InvestorQ : I am not clear how volatility works against me in selling options if price does not move?
Dia Deshpande made post

I am not clear how volatility works against me in selling options if price does not move?

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Ria Jain answered.
2 years ago

When you buy options, volatility works in your favour. However, when you sell options the volatility of the stock works against you! Let us understand this point in greater detail. Let us go back to the Rs.320 call option on SBI which you written at Rs.5. Let us say that the price of SBI has gone up to Rs.340. Theoretically, your loss should be Rs.15 after considering the Rs.5 you received on the option. But then options trade at a price which is (intrinsic value + time value). So when SBI touches Rs.340, the 320 call option will not trade at Rs.20 but at a higher level of say Rs.25. Therefore your notional loss will be Rs.20 and not Rs.15. This becomes critical when you have to report your MTM on a daily basis.

Higher initial Margin risk

When you buy options, you pay premium margins. That is because your maximum loss on the trade is limited to the premium paid. But when you sell options your losses are unlimited just like a long or short futures position. Hence your initial margining will be exactly like in case of futures when you write options. You will be charged the (SPAN margin + exposure margin) as part of your initial margin when you sell options. You need to factor in the financial cost of margins when you write options and ensure that your option premium earning covers that cost.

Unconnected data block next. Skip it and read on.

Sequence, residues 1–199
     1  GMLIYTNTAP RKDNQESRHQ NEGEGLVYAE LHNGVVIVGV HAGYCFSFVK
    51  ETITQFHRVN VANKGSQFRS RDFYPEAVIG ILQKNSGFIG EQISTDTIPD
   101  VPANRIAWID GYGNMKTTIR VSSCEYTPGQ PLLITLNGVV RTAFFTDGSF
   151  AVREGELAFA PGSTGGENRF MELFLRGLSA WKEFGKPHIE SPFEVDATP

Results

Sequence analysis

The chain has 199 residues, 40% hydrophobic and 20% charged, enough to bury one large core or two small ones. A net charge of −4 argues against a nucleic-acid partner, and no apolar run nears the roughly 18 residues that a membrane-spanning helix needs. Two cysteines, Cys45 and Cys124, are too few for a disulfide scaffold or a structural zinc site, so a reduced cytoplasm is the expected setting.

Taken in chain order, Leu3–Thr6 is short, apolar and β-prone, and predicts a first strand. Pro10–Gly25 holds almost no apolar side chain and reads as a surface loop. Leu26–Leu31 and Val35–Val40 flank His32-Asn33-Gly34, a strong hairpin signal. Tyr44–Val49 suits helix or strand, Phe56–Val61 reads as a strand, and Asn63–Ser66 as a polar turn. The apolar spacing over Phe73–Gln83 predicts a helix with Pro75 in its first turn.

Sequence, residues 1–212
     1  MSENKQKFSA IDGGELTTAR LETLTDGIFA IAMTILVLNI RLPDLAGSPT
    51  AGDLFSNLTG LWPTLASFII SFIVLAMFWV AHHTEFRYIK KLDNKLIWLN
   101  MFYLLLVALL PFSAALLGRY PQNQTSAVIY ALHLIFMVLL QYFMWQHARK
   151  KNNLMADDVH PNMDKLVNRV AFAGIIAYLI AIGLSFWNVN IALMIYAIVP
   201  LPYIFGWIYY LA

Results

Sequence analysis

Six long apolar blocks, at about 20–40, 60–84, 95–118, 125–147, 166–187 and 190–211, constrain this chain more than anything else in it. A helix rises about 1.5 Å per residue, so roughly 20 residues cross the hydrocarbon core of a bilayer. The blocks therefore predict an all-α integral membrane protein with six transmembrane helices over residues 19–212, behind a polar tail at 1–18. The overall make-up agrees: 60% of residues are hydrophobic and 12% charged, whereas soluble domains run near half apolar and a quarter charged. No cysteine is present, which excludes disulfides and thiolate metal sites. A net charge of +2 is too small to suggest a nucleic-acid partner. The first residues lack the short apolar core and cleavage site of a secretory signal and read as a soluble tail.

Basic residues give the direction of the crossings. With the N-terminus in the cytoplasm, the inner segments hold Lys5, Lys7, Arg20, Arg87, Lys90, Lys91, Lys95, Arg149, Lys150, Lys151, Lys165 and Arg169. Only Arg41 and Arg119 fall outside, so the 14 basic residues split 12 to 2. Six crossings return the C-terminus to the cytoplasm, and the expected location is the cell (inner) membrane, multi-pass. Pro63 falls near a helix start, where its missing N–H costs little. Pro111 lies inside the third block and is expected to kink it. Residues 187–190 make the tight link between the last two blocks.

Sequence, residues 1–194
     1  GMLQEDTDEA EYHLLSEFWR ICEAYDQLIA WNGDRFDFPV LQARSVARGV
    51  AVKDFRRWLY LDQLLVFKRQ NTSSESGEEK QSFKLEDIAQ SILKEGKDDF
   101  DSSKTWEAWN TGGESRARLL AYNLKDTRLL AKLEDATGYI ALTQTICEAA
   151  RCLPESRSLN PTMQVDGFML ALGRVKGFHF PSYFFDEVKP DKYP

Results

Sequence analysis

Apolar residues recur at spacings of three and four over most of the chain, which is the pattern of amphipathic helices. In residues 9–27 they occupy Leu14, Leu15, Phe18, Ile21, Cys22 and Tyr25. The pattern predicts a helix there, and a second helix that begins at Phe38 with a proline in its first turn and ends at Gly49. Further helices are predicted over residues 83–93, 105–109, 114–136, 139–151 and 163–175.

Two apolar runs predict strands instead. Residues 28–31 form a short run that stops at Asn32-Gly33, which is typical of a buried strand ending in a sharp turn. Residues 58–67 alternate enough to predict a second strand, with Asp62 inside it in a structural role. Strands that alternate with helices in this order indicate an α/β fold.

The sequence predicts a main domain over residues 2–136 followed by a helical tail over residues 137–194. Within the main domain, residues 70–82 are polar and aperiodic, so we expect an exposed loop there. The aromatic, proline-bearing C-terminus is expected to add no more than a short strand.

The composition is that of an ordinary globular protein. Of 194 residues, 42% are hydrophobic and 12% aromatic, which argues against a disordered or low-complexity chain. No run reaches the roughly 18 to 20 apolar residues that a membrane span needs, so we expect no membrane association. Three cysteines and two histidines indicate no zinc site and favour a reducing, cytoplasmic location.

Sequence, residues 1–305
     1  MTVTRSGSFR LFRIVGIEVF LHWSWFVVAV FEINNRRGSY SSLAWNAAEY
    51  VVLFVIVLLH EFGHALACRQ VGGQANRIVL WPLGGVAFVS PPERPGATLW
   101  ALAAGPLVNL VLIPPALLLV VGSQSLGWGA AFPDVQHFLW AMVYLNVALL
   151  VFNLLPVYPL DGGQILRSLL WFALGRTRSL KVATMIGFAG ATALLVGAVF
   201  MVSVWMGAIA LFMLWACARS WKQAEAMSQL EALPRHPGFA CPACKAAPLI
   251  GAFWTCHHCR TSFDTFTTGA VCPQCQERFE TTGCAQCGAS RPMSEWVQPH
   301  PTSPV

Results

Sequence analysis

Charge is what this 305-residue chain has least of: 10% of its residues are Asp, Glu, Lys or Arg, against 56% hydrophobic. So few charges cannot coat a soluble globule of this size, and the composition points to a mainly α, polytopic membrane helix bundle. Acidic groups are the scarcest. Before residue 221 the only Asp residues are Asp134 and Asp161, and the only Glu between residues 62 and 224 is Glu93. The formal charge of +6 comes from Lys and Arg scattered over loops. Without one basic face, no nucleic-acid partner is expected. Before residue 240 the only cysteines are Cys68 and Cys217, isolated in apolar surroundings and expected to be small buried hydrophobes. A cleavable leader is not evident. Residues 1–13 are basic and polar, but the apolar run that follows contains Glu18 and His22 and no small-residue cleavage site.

The risk of mark to market margins

The other margin that you need to pay apart from initial margins is the MTM margins when the price movement goes against during the month. Normally, when your total margin including MTM goes below the maintenance margin, the broker will make a margin call on you. This is again a risk you need to be prepared for if you sell options.

Assignment was a risk, but that is no longer the case with European options

In the past, stock options in India used to be American options and index options were European options. American options could be exercised at any time before expiry and hence when an option was exercised, it had to be assigned at random to a writer of the option. That was another risk for the option write. However, stocks have also shifted to European style options and hence that risk is not there any longer.